I'm making a reporting application in Excel. On some sheets, I have multiple rows of header that I want to keep visible at all times. So, naturally, I'm using Excel's Freeze Panes feature to freeze those rows at the top.

The problem is that if the user scrolls down or finds a report that's already been scrolled down, it's not immediately visually obvious that there's more data hiding above, unless the user looks at the scroll bar or the row numbers.

Do you know of any good ways to visually hint to the user that there's more data hiding behind the header?

I'm open to ideas that may require scripting to implement. I'm more interested in collecting design ideas; I can figure out how to implement them afterward.

  • I'm new here and no UI expert by any means, and would therefore appreciate any help with tagging. Commented Aug 30, 2011 at 21:39

7 Answers 7


Your main issue here isn't really "how to visualize that the frozen pane is frozen".

That part is easy. Add some gray background and some bold border, and you're halfway there :-)
Make it look different and title'ish.

Your real question is: "How do you visualize that there is more data above the top row?"
And question doesn't only apply to Excel's frozen top row. That question is relevant in other situations as well.

(Have you ever followed some link and after a while you realize that you're in the same web-page as before, just in another #Name section. Try this: http://en.wikipedia.org/wiki/Microsoft_Excel#File_formats. How do you know that you're in the middle of the page?)

The best way to visualize that there is something above, is to show a little bit of that content. So that the user doesn't believe that the topmost thing is the beginning of the content.

enter image description here
enter image description here

Unfortunately, Excel only scrolls by whole rows, so it's impossible to show half the content of the row above (or am I wrong?). The only (really lame) workaround I can think of is to merge two cells vertically. That way you might show half the content of the row above - leaving no doubt to the user.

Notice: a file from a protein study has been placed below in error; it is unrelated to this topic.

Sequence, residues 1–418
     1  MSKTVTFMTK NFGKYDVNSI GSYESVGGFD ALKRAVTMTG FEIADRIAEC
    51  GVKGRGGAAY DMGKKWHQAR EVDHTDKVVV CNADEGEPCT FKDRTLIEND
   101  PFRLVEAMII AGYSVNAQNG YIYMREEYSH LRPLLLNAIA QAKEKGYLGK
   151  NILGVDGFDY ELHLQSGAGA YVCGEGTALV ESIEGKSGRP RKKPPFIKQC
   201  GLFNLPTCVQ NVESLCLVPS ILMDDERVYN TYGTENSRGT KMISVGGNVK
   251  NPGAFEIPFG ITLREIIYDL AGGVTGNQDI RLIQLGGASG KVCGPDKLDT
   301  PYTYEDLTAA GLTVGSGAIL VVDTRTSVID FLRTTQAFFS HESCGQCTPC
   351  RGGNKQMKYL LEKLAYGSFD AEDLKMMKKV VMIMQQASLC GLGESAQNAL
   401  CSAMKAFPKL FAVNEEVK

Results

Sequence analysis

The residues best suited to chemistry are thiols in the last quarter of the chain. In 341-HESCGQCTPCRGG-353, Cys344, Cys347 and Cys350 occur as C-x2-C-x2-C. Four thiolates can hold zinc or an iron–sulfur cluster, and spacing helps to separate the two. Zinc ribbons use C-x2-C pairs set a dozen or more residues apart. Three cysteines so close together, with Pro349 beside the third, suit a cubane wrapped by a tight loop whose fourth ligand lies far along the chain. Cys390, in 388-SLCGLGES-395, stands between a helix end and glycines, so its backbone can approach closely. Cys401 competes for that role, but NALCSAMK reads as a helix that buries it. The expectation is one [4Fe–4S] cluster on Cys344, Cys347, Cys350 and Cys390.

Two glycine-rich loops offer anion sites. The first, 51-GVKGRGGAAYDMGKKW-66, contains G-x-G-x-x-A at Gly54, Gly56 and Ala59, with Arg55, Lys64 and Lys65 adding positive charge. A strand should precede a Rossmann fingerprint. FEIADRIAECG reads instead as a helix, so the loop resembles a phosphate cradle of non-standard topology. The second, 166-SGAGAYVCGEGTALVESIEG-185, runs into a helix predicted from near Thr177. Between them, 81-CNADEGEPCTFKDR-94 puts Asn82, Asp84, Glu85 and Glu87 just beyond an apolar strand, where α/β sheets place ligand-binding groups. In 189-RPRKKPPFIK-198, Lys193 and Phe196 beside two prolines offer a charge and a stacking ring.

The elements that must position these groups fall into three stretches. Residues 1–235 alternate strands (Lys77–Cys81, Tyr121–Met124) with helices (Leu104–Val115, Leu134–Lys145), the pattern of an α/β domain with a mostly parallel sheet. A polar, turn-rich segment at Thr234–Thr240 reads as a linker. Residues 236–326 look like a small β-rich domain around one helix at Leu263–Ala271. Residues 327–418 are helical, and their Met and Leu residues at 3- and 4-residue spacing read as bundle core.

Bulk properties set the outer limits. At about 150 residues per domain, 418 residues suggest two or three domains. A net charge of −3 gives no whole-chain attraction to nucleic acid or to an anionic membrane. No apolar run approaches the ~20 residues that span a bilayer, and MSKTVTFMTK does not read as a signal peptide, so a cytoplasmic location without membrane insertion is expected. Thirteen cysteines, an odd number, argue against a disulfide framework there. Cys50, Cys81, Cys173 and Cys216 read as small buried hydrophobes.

enter image description here

The other way you can visualize that there is more above, is to use the Gestalt law on closure and give the user the feeling of an un-closed area above the visible area.

enter image description here --> enter image description here
(Sorry about the bad visual appeal. Please put a little bit more work into the look.) :-)

I would also add that this depends a lot on the content you are showing, and the task the user is performing. If the user is looking at a list of numerically ordered items or alphabetically sorted names, the he will know that he will find more names above - especially if he is looking for it. If he is not looking for it, does he need to know that it's more content above?

Where is customer No#3 and where is Arthur???
enter image description here and enter image description here

  • 2
    Thanks very much for your thoughtful analysis. I think you're right on the money, and I like that closure idea. I don't have a great deal of space to spare, but I'll see if I can implement something along those lines. Commented Sep 14, 2011 at 21:28

There are two parts to the solution:

First, dynamic manipulation in excel is done using VBA and enables you to manipulate objects on the spreadsheets easily. By placing an image element on the spreadsheet and attaching code to the its click event, you can visually represent a change in the sheet state and an implied action. The image can be an up arrow...

Code example:

Private Sub ImgArrowUp_Click()
With ActiveWindow
    .ScrollRow = 1
    .ScrollColumn = 1
End With
ActiveSheet.Shapes("ImgArrowUp").Visible = False
End Sub

This code will scroll up and hide the arrow.

The second part is a bit tricky - you need code to display/hide the arrow on the spreadsheet based on the user location on it:

ActiveSheet.Shapes("ImgArrowUp").Visible = True/False

but there are no scroll events in excel so if you want to implement this you'll need access to windows API. You can use the implementation described here: Detecting Scrolling In A Worksheet Window

  • 1
    As a comment, I'd never use this code. ActiveSheet will do as the name says and you could end up with unintended behavior. You should use ThisWorkbook.Sheet1 or Sheet1 (or whatever name you've given your sheet).
    – GUI Junkie
    Commented Sep 13, 2011 at 18:54

I'm not sure if you are familiar with the Google Docs spreadsheets but they default a gray bar about 5px or so high to indicate that the row above it is locked to the page. that seems pretty intuitive to me.

A spreadsheet with column headers in Google Docs Spreadsheet

  • 1
    I'm not sure about the excel implementation but you could probably freeze a second row below the first that is thin and gray and get a similar effect. If you could make it blue and stripey it would probably get the point across even more. Commented Sep 15, 2011 at 13:33